When I was young, my mother raised Rhode Island Reds and some white leghorns (which are AWFUL, by the way! ;P). Now that I am grown and have developed my innate interest in animal husbandry, I have begun my own chicken flock in the pursuit of self-sustained living.
I live in Southeast Alaska, so I took the time to get a little bit picky about which breeds I chose.
I decided on McMurray to fulfill my livestock needs.
My first order was for 6 of each of Red Star, Black Star, Ancona, and Australorp. Per the 25 minimum, I had to choose another chick and I randomly selected a golden polish. With the "freebie" Partridge Cochin and a Red Star pullet extra thrown in, we ended up with 27 pullets.
Within the first week we had lost nearly half.
3 Red star, 2 Black Star, 4 australorps, and both the special chicks were out.
Due to terrible communication and even worse record keeping between my husband and I, we ended up reporting 4 Red, 2 Black, 2 Ancona, 4 Australorp, and the Golden Polish. When they arrived exactly a week after my first, I was disconcerted about the breeds and numbers we received (hubby will not be in charge of making phone calls from now on).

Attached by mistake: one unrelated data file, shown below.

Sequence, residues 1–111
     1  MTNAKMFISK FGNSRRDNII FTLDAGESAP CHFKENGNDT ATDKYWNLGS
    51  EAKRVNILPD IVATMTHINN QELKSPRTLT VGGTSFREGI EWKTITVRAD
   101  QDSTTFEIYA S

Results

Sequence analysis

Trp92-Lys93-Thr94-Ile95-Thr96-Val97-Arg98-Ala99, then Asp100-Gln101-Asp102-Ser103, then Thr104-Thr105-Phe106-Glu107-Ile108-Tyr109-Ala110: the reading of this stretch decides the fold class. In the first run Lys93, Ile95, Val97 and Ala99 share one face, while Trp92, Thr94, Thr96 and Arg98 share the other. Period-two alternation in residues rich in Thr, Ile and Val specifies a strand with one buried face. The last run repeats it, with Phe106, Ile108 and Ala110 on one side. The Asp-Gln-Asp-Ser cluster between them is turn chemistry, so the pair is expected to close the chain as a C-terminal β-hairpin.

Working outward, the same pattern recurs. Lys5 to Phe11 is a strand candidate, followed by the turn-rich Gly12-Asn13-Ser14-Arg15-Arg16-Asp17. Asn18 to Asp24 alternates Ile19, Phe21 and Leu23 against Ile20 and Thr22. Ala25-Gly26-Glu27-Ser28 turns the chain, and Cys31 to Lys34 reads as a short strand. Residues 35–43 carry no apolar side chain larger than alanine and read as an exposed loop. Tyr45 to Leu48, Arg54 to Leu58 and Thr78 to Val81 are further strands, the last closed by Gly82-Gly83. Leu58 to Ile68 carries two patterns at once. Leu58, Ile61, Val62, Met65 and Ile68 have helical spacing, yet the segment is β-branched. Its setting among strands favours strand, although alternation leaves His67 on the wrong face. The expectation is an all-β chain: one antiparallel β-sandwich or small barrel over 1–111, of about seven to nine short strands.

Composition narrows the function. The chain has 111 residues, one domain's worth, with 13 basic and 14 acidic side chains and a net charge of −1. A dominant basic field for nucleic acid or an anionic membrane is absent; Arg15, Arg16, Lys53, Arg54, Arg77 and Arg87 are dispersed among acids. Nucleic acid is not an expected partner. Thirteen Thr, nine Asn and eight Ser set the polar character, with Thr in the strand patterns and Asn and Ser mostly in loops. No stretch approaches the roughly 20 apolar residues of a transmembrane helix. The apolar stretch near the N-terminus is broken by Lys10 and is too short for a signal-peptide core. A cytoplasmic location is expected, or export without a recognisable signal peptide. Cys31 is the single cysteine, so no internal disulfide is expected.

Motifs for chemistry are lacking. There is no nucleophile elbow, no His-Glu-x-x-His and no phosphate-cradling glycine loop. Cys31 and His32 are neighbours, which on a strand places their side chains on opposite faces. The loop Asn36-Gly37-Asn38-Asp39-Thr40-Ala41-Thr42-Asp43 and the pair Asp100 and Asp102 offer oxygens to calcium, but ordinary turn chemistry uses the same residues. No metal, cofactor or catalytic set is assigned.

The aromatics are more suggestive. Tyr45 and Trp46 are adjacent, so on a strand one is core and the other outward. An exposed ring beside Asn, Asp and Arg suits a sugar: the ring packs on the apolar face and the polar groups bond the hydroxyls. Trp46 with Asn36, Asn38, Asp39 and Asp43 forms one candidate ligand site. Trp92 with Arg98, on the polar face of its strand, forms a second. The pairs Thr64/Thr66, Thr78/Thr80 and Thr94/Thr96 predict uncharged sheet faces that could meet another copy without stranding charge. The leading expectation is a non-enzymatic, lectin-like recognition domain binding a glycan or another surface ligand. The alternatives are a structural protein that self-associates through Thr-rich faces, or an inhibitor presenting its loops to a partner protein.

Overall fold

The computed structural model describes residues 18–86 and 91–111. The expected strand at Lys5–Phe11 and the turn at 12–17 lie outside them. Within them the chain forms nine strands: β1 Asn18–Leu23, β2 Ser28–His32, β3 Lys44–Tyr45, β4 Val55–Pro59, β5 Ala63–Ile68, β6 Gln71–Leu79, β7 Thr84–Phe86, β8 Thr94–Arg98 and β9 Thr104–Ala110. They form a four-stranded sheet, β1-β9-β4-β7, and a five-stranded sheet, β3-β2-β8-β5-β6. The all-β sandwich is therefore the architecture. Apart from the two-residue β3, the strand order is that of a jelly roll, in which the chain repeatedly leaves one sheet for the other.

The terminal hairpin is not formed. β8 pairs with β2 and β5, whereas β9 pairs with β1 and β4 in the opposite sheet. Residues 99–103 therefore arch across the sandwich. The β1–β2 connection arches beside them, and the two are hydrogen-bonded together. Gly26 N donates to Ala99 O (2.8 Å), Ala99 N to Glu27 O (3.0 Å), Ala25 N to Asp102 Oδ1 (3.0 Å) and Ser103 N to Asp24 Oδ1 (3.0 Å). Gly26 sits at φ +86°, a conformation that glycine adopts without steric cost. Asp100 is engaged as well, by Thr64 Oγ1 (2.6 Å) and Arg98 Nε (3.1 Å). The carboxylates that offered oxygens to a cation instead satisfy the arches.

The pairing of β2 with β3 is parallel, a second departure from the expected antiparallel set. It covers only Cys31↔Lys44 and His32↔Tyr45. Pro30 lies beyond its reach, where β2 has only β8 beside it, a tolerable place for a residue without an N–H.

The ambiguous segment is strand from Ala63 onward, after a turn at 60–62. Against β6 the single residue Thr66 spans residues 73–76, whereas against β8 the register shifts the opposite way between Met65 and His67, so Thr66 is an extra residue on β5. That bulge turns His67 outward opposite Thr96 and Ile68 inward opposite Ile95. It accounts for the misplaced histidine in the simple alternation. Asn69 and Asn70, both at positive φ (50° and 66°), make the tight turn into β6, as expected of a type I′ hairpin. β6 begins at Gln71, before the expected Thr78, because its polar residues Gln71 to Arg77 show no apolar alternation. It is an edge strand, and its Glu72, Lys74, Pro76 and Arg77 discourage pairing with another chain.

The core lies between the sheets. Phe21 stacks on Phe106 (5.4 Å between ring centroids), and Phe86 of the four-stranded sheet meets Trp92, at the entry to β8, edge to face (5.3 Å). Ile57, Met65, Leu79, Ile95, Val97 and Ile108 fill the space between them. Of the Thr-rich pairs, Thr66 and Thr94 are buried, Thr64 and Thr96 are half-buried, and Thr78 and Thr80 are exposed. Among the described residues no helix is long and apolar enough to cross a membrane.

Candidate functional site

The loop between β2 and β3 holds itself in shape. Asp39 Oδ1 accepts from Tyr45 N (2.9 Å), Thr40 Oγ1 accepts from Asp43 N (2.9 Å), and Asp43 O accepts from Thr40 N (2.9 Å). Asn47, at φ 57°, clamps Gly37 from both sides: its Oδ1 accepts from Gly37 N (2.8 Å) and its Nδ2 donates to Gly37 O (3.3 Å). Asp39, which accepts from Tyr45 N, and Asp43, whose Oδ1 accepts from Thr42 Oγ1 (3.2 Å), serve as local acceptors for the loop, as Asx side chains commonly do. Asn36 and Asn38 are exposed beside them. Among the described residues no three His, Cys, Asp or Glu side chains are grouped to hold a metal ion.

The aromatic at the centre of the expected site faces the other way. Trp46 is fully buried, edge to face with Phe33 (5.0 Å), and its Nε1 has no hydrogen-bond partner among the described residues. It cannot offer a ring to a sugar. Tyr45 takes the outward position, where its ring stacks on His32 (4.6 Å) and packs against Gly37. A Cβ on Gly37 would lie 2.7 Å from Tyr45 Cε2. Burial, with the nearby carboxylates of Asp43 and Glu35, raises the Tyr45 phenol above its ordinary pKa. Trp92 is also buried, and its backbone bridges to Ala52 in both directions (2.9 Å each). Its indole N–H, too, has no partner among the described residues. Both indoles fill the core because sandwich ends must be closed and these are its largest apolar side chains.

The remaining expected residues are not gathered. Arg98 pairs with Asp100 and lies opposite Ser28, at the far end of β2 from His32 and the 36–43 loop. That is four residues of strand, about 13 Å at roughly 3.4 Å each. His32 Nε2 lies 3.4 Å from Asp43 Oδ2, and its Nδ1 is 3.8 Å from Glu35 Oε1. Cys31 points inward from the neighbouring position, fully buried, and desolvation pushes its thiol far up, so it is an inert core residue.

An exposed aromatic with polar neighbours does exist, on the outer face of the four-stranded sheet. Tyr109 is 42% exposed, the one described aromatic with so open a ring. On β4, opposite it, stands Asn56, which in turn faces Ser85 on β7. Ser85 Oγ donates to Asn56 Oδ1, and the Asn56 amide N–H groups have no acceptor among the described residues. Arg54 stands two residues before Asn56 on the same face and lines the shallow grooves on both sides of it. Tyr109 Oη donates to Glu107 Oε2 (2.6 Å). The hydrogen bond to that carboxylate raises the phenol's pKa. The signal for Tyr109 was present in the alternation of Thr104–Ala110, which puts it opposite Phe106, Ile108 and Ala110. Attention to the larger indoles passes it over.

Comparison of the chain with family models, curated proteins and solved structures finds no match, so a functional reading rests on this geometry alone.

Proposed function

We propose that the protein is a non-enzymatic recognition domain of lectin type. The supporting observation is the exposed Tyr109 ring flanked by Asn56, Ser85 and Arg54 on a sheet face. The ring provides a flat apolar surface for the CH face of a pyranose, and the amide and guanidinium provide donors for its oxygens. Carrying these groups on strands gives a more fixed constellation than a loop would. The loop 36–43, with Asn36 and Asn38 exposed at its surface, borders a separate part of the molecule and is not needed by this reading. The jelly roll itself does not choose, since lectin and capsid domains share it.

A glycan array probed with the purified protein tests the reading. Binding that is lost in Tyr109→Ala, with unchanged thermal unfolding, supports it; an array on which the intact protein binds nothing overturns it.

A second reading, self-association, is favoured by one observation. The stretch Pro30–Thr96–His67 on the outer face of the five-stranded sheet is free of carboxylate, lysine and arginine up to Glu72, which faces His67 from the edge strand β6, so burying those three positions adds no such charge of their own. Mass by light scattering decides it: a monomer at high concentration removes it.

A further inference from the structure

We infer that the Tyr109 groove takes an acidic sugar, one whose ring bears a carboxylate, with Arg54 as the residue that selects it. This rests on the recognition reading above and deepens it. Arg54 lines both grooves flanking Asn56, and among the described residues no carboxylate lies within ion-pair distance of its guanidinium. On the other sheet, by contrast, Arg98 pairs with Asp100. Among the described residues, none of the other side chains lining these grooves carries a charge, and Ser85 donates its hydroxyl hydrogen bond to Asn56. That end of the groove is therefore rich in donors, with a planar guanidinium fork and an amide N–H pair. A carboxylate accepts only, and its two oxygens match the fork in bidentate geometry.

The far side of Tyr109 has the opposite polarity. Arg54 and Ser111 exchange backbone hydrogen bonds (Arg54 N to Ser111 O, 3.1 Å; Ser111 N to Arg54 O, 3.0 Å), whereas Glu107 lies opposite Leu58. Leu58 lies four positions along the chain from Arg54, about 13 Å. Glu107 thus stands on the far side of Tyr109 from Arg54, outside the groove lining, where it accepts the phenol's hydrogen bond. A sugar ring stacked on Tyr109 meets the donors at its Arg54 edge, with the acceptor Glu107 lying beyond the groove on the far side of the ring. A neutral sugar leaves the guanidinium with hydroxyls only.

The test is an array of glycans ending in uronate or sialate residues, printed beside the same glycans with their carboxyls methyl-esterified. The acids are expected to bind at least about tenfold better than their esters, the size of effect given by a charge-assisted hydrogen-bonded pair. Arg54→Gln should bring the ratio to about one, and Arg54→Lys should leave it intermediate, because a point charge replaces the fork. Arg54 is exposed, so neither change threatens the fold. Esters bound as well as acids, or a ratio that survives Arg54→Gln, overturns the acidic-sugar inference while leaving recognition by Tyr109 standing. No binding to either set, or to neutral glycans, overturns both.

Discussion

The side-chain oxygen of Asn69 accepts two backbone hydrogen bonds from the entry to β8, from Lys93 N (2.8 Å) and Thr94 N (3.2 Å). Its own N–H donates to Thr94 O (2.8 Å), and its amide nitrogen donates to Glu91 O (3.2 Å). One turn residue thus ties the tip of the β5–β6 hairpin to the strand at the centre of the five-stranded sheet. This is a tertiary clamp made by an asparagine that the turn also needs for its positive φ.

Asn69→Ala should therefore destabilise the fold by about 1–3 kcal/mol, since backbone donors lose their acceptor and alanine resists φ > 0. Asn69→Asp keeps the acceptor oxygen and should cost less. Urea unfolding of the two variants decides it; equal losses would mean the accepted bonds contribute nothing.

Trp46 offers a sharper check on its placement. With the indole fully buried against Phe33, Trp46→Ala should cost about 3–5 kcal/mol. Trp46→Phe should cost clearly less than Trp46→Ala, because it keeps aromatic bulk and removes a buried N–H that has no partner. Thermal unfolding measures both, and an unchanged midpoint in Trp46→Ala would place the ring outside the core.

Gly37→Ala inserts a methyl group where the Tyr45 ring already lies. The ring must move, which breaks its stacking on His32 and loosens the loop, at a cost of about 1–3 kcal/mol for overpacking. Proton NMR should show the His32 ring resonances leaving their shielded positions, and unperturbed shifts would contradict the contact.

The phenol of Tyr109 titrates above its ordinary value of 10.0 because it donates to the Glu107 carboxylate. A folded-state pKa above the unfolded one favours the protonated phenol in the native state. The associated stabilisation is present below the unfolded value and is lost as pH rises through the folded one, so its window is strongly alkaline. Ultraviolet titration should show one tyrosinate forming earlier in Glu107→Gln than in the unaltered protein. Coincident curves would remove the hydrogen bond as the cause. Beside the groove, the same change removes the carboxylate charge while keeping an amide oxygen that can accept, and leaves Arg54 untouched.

On that note, we did technically get our comeuppance for short-changing the hatchery a few chicks.
As soon as I opened the box I saw the little buggers - little yellow puff balls with a blue mark on their heads. It was the dreaded "packing peanuts."
I identified them as red stars, and of course, they were cockerels. Not one, not two; five little monsters, pecking and cheeping and hopping around in the box. That will be fun to deal with later, since I live in town.
Once again, we lost the Golden Polish right away. I didn't even want a replacement for that one, but oh well. I will not ask for anymore of them shipped at one day old because they are too fragile to get all the way to Alaska in a healthy state. We also lost one black star that was much much smaller than the others, and one Ancona.
I'm still trying to find answers as to why we lost so many of the first shipment over the course of a week, but I'll probably never know.
My chicks are doing well now.
We have a homemade brooder from upcycled pallets. My father-in-law made a giant feeder from leftover wood, I give them egg shells, cockle shells, earth worms, and homemade food. They get one serving of yogurt every day. They have a dust bath of wood ashes, and they get to frolick in sand bedding. I have some pretty happy chicks!